Kamala Harris first official entrant into 2016 senate race

SAN FRANCISCO (KGO) -- California Attorney General and former San Francisco District Attorney Kamala Harris announced her bid for the U.S. Senate - making her the first official entrant into the senate race.

She hopes to win Senator Barbara Boxer's seat after Boxer retires in 2016.

In 1997, Harris worked as a deputy district attorney in Alameda.

In 2007, she was re-elected district attorney of San Francisco.

In 2017, she hopes to become the first African American senator from California.

It's a rapid rise that doesn't surprise her friends.

"She tends to concentrate on the things that have real importance and not get distracted," said Wilkes Bashford, a friend of Harris.

In Harris' Facebook announcement Tuesday morning, she says: "I want to be a fighter for families feeling the pinch of stagnant wages and diminishing opportunity, for students burdened by predatory lenders and skyrocketing tuition, for our immigrant communities and for our seniors."

Former San Francisco Supervisor Matt Gonzalez considers Harris the frontrunner.

"She campaigns hard, people who meet her like her and she has ideas," said Gonzalez.

Over the weekend, former Los Angeles Mayor Antonio Villaraigosa said he may run.

Representative Loretta Sanchez says she's "seriously considering" a senate bid.

A spokesperson for Representative Eric Swalwell says he'll make a decision by the end of this month.

Notably absent from the list is Lieutenant Governor Gavin Newsom.

"I think if Newsom wanted to run for this, it would have been very difficult to defeat him," said John Burton, the California Democratic Party Chairman.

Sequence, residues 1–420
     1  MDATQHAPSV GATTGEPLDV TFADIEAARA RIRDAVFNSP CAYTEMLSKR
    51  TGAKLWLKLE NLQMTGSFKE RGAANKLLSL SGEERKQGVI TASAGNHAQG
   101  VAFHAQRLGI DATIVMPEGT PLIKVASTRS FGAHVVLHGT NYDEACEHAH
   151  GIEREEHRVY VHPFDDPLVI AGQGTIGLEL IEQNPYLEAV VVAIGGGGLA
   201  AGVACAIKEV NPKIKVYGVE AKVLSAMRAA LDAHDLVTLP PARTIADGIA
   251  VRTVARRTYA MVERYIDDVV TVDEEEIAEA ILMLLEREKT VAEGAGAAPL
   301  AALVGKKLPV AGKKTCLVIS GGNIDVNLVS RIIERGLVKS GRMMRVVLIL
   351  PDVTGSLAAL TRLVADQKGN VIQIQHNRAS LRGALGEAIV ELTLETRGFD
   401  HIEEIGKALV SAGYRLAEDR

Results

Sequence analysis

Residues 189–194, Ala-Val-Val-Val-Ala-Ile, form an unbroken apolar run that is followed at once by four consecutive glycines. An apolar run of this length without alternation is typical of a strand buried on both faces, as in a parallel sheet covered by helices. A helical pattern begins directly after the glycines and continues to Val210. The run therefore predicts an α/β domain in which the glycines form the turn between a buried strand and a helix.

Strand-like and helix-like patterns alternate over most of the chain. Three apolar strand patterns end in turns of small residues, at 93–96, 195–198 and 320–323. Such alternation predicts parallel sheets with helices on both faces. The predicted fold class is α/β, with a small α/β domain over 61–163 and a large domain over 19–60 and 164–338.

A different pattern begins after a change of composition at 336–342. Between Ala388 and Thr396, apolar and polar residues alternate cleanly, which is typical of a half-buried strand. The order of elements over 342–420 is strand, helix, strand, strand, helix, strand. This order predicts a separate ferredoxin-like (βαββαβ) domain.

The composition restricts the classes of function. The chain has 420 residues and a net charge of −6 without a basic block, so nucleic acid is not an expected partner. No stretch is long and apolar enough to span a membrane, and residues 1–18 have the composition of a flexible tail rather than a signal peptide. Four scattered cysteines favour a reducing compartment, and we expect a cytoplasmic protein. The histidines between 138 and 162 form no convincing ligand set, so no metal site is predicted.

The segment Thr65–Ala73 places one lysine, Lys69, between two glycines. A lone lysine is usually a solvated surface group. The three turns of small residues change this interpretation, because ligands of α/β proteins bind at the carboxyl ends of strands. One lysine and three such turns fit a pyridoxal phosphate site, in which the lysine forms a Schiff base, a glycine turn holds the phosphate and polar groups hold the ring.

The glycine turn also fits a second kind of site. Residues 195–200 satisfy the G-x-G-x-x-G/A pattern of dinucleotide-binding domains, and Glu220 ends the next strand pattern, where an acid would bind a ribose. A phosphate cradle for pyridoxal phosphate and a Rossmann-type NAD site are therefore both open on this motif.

Another wildcard is San Francisco billionaire environmentalist Tom Steyer. He posted an article in the Huffington Post that reads in part: "Washington needs to be shaken up. We need climate champions who will fight for the next generation. I will decide soon."

Forbes estimates Steyer's net worth at $1.6 billion.

"It would spice the mix up considerably, he's very well thought of, he can self-finance," explained Burton.

Perhaps that's one reason Harris is already fundraising.

Harris, 50, the daughter of an Indian mother and black father, was elected California attorney general in 2010. She was the first woman and the first minority to serve as California's top prosecutor. Harris is also a friend of President Barack Obama's and attracted national attention when she helped negotiate a settlement with major mortgage lenders and secured extra funding for California.

She has been widely viewed as an eventual candidate for governor or U.S. senator.

The Associated Press contributed to this story.
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